“What I’m happy the most about is that I’m doing what I love to do,” she said about her preparations. “For me, the satisfaction is having done this with my partner and being able to do it myself, calling the shots my way.”

The depressed economy has prompted companies to offer smaller starting salaries than what graduates were expecting. For the first time, computer science majors received offers below $50,000, NACE reported in its summer salary survey.

Logistics/materials management graduates had salaries decrease 9.1 percent to $39,407. Offers to business administration graduates fell 5.6 percent to $36,429 and liberal arts majors saw their salaries fall below $30,000.

The best sectors were accounting, federal government, and healthcare. Nursing graduates averaged $38,459 while accounting majors earned $39,768.

Accounting firms expect to hire 30 percent more new college graduates this year than last year.

The federal government is increasing its college hiring and raised its starting salaries 15.4 percent from $35,188 to $40,598.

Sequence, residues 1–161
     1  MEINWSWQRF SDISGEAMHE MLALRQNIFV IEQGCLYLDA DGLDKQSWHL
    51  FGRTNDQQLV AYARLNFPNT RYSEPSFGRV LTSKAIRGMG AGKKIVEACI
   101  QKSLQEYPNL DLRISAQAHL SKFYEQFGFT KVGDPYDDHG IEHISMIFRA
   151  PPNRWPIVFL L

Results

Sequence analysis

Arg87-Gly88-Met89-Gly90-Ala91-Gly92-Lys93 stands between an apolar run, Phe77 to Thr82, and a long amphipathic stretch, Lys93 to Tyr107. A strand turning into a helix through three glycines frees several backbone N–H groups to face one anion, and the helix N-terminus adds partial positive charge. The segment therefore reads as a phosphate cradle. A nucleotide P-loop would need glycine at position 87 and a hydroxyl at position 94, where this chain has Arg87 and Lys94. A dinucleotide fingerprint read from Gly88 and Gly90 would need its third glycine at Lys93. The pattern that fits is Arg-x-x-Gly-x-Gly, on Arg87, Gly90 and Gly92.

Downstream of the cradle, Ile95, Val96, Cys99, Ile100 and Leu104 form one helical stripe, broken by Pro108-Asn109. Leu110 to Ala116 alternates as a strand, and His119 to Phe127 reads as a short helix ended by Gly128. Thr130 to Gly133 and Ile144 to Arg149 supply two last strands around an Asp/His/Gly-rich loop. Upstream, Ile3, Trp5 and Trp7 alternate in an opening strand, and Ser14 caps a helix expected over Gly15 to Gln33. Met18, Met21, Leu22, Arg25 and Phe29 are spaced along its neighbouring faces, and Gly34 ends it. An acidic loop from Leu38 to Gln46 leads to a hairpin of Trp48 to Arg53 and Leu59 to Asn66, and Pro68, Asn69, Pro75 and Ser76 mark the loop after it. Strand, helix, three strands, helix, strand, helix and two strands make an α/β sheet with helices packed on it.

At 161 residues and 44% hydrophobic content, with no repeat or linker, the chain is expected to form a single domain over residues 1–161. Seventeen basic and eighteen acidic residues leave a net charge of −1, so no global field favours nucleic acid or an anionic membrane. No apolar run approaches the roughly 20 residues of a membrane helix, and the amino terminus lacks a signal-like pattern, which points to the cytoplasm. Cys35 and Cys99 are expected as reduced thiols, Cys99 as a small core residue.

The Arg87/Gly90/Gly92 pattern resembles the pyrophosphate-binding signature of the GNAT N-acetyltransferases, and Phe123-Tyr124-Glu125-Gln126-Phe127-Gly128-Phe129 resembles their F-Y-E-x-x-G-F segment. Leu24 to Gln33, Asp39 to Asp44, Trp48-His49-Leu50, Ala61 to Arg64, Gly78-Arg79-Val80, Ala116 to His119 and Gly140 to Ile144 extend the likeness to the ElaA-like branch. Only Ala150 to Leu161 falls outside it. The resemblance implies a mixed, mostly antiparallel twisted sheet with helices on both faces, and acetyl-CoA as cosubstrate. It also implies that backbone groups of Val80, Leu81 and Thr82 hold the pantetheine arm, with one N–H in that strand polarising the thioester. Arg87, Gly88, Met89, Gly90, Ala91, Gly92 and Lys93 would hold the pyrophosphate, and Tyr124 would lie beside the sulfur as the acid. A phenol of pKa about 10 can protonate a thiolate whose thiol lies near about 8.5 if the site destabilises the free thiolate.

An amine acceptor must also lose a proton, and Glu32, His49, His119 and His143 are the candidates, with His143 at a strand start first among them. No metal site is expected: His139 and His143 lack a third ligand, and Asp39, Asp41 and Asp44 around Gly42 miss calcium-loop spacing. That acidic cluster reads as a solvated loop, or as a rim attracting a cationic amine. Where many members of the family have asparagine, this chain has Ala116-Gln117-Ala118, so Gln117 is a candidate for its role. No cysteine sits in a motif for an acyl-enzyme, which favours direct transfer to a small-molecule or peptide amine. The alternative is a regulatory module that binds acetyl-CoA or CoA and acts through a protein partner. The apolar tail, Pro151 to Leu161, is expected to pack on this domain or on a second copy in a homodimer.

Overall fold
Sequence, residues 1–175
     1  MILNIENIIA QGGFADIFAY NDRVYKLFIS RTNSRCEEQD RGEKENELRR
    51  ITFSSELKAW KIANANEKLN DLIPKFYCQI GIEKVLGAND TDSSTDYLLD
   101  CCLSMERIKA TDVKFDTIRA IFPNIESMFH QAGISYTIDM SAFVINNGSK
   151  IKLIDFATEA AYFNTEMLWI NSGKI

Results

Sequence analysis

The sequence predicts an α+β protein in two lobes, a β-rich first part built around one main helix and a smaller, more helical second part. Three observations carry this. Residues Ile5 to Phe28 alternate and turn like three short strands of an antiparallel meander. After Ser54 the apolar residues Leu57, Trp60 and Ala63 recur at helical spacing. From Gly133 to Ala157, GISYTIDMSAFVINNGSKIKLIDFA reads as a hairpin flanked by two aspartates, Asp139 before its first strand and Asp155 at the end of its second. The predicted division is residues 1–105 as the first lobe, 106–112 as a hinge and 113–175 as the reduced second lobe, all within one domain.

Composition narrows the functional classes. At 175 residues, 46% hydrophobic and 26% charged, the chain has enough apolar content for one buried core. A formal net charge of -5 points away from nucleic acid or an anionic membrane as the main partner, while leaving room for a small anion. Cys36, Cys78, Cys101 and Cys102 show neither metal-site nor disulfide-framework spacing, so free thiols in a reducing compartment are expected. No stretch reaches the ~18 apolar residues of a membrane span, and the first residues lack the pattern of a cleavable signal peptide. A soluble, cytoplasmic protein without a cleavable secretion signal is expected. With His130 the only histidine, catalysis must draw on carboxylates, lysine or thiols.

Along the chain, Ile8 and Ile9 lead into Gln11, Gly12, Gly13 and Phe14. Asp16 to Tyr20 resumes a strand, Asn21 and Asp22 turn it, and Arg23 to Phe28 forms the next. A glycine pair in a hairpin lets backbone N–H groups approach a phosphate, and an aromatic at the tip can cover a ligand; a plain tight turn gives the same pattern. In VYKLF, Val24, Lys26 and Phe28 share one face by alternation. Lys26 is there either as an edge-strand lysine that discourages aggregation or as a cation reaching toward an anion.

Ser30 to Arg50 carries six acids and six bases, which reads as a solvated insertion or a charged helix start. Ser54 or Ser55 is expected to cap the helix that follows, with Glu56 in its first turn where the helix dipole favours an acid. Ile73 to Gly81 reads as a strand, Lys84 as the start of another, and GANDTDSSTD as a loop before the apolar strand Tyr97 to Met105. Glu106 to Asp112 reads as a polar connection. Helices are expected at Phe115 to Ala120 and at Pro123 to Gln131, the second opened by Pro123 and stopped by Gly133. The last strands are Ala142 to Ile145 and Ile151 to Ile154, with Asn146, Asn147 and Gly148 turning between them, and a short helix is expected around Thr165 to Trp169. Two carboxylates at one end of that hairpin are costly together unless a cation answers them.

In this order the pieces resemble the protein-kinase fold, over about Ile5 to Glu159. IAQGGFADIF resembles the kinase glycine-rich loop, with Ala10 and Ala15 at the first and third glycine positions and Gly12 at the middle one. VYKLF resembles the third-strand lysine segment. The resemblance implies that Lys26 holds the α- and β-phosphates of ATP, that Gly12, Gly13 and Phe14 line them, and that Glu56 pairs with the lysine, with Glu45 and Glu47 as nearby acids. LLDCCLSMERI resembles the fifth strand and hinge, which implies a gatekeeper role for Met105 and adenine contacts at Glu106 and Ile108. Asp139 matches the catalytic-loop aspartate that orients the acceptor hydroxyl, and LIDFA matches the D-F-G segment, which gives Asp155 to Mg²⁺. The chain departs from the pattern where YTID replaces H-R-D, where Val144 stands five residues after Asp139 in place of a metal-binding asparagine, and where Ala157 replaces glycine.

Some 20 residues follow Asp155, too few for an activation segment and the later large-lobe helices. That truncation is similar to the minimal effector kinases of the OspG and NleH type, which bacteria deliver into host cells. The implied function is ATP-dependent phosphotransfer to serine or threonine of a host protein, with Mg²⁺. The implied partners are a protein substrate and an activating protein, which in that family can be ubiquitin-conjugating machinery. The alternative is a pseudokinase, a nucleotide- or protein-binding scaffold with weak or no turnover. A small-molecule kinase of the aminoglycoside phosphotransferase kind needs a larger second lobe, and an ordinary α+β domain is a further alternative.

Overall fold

For students majoring in other areas, the best alternative seems to be to stay in school.

The Graduate Management Admission Council, which administers the GMAT, the equivalent to the SAT for business schools, saw an increase of tests taken, said Susan Swayze, director of research studies.

In the first six months of 2002, 82,855 GMATs were taken, up from 70,952 during the same six month period in 2001.

Schools like FIU, University of South Florida and Florida A&M University have also seen an increase of applications to their business graduate programs.